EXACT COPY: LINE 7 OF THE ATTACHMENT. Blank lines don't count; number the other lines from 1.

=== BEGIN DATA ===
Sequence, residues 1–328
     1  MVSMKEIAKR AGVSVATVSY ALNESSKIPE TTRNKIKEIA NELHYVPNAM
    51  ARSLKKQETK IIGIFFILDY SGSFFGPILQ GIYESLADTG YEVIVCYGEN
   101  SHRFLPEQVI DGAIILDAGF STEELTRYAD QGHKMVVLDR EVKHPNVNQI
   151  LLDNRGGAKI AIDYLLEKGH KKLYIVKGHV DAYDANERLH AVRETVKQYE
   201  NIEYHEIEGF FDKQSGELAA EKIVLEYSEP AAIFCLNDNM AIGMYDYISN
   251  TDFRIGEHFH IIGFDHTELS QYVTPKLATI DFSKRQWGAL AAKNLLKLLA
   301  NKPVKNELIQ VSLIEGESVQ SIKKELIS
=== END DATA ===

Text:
   251  TDFRIGEHFH IIGFDHTELS QYVTPKLATI DFSKRQWGAL AAKNLLKLLA